Authorities Ignore Intimidation Campaign against Jailed Activists
(Abu Dhabi) – Authorities have failed to investigate a campaign of death threats, slander and intimidation against five jailed Emirati activists, says an independent report released today. The report, written on behalf of the Gulf Centre for Human Rights (GCHR) with research assistance from Human Rights Watch, documents the threats, including death threats, by government sympathizers and the atmosphere of impunity in which they have been made.
The activists, known among their supporters as the “UAE 5,” were arrested in early April 2011, and are on trial in Abu Dhabi, accused of “publicly insulting” top United Arab Emirates officials. The Federal Supreme Court, which is trying the case, has said it will issue a verdict on November 27. Charlotte Peevers, a British legal expert who is the author of the report, researched it in the UAE during late October and early November with a representative from Human Rights Watch.
“Since their arrests, these peaceful activists have been subjected to an alarming series of threats and intimidation, with the apparent acquiescence of the Emirati authorities,” Peevers said. “By not investigating those who are interfering with justice and threatening people’s lives, UAE authorities are drawing even more attention to the political motivation for this trial.”
The five activists, whose trial opened on June 14, are: Ahmed Mansoor, an engineer and blogger; Nasser bin Ghaith, an economist and university lecturer at Sorbonne Abu Dhabi; and online activists Fahad Salim Dalk, Ahmed Abdul-Khaleq, and Hassan Ali al-Khamis.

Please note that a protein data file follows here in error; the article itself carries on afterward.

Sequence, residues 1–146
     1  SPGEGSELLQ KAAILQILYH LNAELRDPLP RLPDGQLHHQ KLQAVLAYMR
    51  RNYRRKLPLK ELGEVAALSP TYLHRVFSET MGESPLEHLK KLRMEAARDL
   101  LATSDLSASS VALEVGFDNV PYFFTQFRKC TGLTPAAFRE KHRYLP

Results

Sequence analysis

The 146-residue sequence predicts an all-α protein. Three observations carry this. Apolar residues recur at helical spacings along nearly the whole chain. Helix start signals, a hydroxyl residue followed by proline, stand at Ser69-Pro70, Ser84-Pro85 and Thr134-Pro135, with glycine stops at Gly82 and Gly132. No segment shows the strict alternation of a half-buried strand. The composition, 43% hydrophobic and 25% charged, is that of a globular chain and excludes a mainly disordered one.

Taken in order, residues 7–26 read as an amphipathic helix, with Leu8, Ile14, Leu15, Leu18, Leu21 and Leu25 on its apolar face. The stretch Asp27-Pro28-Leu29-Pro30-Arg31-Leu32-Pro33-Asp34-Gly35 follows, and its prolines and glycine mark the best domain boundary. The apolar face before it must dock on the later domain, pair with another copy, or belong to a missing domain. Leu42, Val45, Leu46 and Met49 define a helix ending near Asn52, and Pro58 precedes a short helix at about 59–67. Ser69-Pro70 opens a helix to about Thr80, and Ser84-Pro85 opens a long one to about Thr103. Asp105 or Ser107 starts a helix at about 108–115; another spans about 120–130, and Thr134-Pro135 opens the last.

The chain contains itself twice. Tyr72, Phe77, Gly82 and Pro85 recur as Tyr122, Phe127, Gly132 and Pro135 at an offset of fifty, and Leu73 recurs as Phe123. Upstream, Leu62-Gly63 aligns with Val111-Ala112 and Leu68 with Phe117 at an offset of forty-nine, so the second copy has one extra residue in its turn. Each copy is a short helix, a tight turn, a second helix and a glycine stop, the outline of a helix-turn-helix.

The five are charged under article 176 of the penal code, which makes it a crime to publicly insult top officials, for using the banned online political forum UAE Hewar. Because the case is being prosecuted under state security procedures, there is no right of appeal. Human Rights Watch reviewed the messages allegedly posted by the accused, none of which do more than criticize government policy or political leaders. There is no evidence that the men used or incited violence in the course of their political activities.
Peevers said the families of the five men and one of their lawyers have filed more than a dozen specific complaints, each supported with documentary evidence, in some cases including names of those making the threats. The Public Prosecutor and police authorities have systematically ignored the complaints despite their duty to investigate and prosecute suspected criminal offenses.
Peevers said Emirati authorities failed to uphold basic standards of UAE and international law by ignoring what are clearly crimes under domestic law and allowing the campaign to continue unabated.
The United Nations Declaration on Human Rights Defenders provides that countries should “take all necessary measures to ensure the protection of everyone against any violence, threats, retaliation, adverse discrimination, pressure or any other arbitrary action” as a result of their participation in human rights activity.
“These threats not only seek to intimidate the ‘UAE 5,’ but also undermine the judicial process by influencing judicial decision-making,” the report says.
The activists also say they have endured substantial harassment, mistreatment and abuse in prison, as well as upon their initial arrest in April. The circumstances in which the defendants were arrested, denied bail and held in pre-trial detention violate basic rights under the UAE Constitution as well as under international law to which the UAE is a party, GCHR and Human Rights Watch said.
GCHR and Human Rights Watch called on UAE authorities to open an investigation into the threats and hold those responsible accountable. They also urged the UAE to comply with international standards for protecting the rights of those detained and detaining them in conditions that do not cause undue suffering.